Now Then is an independent Sheffield-based arts and community magazine. They are monthly, good chaps and have an out of date website. It is part of the Opus Productions media empire. For the first issue of the magazine, last year, I wrote them an article about something that has interested me for a long time: small worlds. Specifically I’d been thinking about social networks and what the Watts and Strogatz small-world result had to tell us about them. The article is now here, should you wish to read it. It is pretty upbeat. I think if I had more room and less inclination to try to be positive I would include something about how we tend to organise our social worlds so that it seems, from the ‘ground-level’, that we are talking to everyone important, but in actually fact we are ignoring — completely estranged from — most of the people we are physically close to, insulated in comforting small worlds.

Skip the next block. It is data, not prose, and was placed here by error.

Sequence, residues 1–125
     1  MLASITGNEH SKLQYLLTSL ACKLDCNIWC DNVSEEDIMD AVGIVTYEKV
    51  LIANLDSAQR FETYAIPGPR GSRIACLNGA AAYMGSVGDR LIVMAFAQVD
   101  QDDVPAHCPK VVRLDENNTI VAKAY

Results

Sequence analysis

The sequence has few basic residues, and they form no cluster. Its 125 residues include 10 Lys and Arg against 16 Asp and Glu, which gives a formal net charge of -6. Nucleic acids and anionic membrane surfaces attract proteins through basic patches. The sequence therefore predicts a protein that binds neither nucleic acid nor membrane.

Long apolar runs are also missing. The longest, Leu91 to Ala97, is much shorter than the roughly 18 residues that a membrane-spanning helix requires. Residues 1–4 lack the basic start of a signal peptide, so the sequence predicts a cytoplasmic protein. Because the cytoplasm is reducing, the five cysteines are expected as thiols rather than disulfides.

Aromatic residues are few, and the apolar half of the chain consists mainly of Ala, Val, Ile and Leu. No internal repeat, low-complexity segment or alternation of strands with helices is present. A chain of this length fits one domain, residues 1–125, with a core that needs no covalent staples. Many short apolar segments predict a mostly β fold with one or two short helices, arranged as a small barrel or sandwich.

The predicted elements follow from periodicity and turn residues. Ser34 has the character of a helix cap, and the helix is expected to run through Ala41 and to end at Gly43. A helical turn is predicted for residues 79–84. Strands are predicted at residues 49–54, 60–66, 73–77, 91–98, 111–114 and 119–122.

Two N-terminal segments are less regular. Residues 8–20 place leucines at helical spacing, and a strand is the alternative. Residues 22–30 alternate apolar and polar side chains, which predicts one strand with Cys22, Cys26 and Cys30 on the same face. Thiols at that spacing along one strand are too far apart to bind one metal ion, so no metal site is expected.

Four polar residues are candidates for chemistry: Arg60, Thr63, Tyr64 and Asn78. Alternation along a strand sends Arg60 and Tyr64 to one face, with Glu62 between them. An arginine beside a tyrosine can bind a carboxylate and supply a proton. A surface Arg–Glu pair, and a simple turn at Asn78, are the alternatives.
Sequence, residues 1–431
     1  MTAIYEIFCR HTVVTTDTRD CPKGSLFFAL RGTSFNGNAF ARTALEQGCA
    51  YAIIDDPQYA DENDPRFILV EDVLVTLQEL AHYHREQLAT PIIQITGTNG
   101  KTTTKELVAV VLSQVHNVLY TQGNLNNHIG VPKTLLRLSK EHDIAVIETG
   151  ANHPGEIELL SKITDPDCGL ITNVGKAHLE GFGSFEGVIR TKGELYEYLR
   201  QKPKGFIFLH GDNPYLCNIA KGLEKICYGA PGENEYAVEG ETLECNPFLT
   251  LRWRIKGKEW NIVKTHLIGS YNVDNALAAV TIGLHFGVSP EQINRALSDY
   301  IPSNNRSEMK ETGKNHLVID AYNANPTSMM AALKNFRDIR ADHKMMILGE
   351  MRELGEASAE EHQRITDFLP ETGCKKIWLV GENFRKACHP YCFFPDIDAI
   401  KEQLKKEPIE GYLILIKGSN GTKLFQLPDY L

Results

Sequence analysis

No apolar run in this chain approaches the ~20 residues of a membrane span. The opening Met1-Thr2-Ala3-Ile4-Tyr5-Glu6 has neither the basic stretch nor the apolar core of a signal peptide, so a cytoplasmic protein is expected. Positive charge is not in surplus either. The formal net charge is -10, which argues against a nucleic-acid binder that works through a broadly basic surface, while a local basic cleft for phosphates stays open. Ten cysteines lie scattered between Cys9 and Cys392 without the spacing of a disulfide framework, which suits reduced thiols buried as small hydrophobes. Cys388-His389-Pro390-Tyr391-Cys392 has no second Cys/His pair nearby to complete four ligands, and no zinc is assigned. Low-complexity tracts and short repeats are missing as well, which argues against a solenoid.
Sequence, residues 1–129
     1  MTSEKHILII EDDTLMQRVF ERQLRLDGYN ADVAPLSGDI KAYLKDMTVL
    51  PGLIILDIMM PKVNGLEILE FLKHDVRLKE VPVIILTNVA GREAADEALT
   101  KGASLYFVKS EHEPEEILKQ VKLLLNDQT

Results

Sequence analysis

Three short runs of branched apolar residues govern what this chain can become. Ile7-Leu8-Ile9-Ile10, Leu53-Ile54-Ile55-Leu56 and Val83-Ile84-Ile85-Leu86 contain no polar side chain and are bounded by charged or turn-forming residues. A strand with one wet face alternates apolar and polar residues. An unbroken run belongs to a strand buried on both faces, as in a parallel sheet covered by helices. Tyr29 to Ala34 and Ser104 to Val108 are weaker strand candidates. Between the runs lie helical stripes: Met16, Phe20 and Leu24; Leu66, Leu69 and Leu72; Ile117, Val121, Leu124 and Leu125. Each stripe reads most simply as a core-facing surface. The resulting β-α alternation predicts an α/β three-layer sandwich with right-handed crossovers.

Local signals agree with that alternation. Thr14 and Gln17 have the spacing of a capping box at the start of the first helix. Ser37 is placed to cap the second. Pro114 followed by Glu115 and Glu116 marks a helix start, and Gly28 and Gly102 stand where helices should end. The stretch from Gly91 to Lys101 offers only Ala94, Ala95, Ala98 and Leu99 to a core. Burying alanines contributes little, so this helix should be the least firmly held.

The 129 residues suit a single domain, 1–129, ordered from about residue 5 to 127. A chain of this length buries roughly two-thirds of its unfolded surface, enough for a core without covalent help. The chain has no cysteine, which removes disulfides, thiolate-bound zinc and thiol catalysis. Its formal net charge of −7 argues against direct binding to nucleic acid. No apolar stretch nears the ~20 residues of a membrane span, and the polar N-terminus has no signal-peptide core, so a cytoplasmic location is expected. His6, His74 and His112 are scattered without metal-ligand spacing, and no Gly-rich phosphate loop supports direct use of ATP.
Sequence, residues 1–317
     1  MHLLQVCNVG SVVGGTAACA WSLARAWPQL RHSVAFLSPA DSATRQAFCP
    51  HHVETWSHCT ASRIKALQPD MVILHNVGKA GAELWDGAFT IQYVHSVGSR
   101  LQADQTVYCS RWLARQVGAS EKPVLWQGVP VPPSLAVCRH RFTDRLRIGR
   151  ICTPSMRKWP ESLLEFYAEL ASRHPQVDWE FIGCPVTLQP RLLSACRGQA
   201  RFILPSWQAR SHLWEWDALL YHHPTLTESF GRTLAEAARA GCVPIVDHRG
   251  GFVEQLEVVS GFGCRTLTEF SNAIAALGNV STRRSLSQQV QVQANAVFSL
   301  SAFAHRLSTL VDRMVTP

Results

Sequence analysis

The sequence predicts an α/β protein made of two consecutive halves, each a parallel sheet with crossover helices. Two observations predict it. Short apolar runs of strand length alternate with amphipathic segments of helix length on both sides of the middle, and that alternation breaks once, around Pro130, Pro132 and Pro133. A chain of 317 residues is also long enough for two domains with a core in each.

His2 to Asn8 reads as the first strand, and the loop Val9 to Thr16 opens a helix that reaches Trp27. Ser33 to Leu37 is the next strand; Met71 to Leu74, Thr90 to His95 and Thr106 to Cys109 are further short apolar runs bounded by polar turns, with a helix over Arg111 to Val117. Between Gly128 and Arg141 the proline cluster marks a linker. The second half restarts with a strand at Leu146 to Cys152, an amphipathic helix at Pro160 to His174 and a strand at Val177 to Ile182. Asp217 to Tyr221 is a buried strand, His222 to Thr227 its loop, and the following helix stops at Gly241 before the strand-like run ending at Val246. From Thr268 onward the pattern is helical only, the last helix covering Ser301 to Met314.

See also bridging and bonding social capital, ‘60 Million People You’d Never Talk To Voting For Other Guy’, We Live in Small Worlds
Dan Box is travelling to Carteret, a set of island in the south pacific. This year the islands are being evacuated due to sea-level rises. You can read about his trip and the world’s first climate change refugees at journeytothesinkinglands.wordpress.com.
Sociological and political attention to what is actually happening on the ground has invariably located the causes of hunger not in an absolute scarcity but in socially-generated scarcity arising from imbalances of power that deny people access to food and water…However such is the power of “scarcity” to colonise the future that even those who, quite properly, locate today’s scarcities in political conflict, frequently crumble when confronted with projections of future population growth, setting aside the insights of political economy in favour of Malthusian metaphors that emphasise numbers over power relations as the explanation for future shortages. In doing so, they grant Malthusianism an explanatory power that they would actively deny it when applied to the present and the past. Instead of the past being a guide to